Your posts have had me poring over maps and satellite images of Southern Chili and Patagonia. The intricacies of the coastline are wonderful, more so perhaps, than even Norway. It's like elaborate lacework partly submerged in water. As I have said before, I like your images and the way you have rendered them. From anyone else, they would be snapshots, from you they are as intricate and elaborate as the country they portray. Far more immersive and pleasing to the eye.
That townships exist in such seemingly remote parts of the world fascinates me. Whenever I have come across such places, I cannot help but wonder how I would fare living in such an environment. I have the strongest attraction for such remoteness but I fear I may be romanticising it a bit. In any case, the want-to-be hermit in me finds the idea quite appealing :)

Ted said...

The Patagonia which I saw Cedric is remote from very large population concentrations. And its transport infrastructure's far less deep than in those areas. Also thinner are the service/governmental/medical and energy distribution elements of infrastructure. However, in terms of infrastructure per 10,000 it is surprisingly strong. While roads are far fewer per mile, the roads that exist are well maintained and adequate to the demands of the populations. What we take for granted in developed areas are the micro structures that allow vehicles to dependably forge creeks and rivers -all of those tiny bridges which high population areas take for granted. Those developments will follow the growth of educated populations. And the people we met in the small towns like say, Chacabuco are better educated on average than their counterparts in other rural places in the world. They have satellite access to national and world media, cellular access is almost universal within a day's drive of most central places. People are well dressed, streets aren't filled with ragged children and those people I met are as literate and thoughtful as any I meet here in Lancaster county, Pennsylvania.

Mail boxes sit outside houses everywhere we wandered. Mass transit shelters sit every mile or so along the highways. Sophisticated medical centers are still concentrated where larger populations concentrate - however helicopter and air ambulances are normally available to those the local medical infrastructure cannot handle. I was impressed particularly with the contrast between both the lifestyles, housing, and articulateness of Patagonians versus the people I met in Uganda a couple of years ago. Safe water supplies are both abundant and accessible to apparently every home. This is a mountainous farming region... small farms, lumbering, and milling are mixing with light manufacturing and extraction industries. Perhaps there's a dramatic class structure there, but that was beyond my ability to investigate.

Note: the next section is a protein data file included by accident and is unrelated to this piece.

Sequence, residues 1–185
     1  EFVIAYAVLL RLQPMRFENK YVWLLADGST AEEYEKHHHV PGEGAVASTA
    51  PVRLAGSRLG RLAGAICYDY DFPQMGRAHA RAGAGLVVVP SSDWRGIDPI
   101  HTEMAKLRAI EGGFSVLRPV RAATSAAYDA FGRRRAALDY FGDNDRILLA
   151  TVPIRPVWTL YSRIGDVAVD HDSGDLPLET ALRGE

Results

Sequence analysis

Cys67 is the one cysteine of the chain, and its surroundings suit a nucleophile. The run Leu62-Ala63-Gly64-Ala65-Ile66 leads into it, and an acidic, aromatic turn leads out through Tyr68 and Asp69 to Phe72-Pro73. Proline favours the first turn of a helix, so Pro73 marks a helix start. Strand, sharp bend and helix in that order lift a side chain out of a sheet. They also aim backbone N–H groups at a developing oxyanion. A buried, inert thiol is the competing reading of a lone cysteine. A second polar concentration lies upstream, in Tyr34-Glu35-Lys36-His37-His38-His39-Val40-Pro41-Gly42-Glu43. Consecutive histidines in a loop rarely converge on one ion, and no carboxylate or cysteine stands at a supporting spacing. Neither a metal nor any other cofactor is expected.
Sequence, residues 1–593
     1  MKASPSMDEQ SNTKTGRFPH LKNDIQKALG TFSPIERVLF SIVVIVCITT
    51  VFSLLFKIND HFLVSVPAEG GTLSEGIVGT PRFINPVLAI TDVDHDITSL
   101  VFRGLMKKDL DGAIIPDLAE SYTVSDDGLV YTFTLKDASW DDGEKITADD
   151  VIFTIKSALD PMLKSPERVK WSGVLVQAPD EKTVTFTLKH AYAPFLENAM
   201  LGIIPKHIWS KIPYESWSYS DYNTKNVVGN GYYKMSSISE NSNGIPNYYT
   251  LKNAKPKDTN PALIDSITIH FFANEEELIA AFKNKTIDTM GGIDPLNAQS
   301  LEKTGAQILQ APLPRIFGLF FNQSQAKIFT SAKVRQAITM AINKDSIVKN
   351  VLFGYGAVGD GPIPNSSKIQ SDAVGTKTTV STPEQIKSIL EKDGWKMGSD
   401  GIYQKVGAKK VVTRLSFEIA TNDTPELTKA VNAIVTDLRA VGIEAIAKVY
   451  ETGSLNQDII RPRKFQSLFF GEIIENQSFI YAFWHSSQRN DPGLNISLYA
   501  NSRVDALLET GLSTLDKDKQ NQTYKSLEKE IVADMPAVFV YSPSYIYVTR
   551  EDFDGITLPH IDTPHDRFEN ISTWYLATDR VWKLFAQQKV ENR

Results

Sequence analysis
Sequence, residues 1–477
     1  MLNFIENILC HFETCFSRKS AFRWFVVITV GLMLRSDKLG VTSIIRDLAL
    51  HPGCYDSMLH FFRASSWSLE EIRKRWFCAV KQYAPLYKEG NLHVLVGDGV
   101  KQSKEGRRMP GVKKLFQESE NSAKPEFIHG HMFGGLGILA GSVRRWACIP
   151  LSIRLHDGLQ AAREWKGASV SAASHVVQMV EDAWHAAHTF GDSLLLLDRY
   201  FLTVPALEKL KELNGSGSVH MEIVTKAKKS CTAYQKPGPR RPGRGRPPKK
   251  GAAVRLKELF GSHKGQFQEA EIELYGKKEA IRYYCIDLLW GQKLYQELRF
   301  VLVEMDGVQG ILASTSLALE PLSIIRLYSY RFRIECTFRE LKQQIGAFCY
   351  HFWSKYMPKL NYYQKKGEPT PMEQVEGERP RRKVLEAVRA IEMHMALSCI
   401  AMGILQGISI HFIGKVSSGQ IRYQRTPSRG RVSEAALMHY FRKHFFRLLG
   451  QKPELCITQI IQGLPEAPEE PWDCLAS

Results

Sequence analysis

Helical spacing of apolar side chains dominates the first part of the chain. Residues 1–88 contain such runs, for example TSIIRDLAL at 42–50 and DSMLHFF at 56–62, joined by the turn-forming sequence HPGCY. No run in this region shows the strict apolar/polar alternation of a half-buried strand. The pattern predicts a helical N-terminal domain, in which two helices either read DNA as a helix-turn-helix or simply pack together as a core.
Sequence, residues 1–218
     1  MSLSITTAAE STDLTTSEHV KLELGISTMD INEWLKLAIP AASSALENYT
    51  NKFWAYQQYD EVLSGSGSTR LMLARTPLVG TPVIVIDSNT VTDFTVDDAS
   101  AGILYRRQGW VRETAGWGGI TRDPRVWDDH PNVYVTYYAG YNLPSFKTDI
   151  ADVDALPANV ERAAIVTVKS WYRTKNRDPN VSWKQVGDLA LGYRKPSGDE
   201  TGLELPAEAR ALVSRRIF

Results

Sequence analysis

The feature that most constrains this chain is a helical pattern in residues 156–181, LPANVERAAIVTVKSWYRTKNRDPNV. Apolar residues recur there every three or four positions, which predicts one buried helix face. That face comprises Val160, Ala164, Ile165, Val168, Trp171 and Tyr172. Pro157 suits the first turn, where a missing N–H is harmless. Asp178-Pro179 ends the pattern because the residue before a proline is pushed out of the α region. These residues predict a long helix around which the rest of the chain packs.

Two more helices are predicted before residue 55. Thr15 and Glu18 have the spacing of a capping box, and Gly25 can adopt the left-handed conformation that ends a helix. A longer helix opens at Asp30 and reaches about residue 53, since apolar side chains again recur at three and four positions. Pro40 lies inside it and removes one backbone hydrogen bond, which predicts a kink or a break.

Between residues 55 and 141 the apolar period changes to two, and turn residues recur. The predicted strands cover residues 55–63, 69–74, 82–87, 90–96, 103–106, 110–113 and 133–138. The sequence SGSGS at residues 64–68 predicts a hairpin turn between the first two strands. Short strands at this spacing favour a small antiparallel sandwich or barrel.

I was particularly impressed with what many consider a tiny thing. As I travelled Europe, Asia, and Africa - the universality of barred widows, security fences, and walls was noticeable to a U.S. citizen like me who lives here in the very center of a city and where neither my neighbors or myself look out through wrought iron bars or bullet proof windows. Yeah, in the larger cities of Northern Patagonia there are neighborhoods where businesses and homes are wrapped in razor wired barriers. Perhaps it is a combination of a homogeneous culture and the interdependent of rural people in a place of rugged weather that makes the difference. I would not dream of moving my family to Kampala... I'd be way to frightened for them and myself. Less so in rural Uganda. However Uganda, like many African nations is plagued by both tribal, sectarian, and political armies which exogenously create spontaneous uncertainties that simply don't exist in the south of Patagonia.

Remember, the bulk of the Patagonian population shares a majority of European genes and history. There are quite few indigenous peoples in that region. Perhaps diversity is a strength of many communities and areas (regardless of skin culture it's largely dominated by Spanish, German & Irish) world-wide, but the hard-scrabble world of Patagonia has fused together a shared homogeneous (non-diverse) culture which seems to have created a sense of common determination. That is probably the most important infrastructure I discovered on this trip.

Your romantics ain't entirely misguided.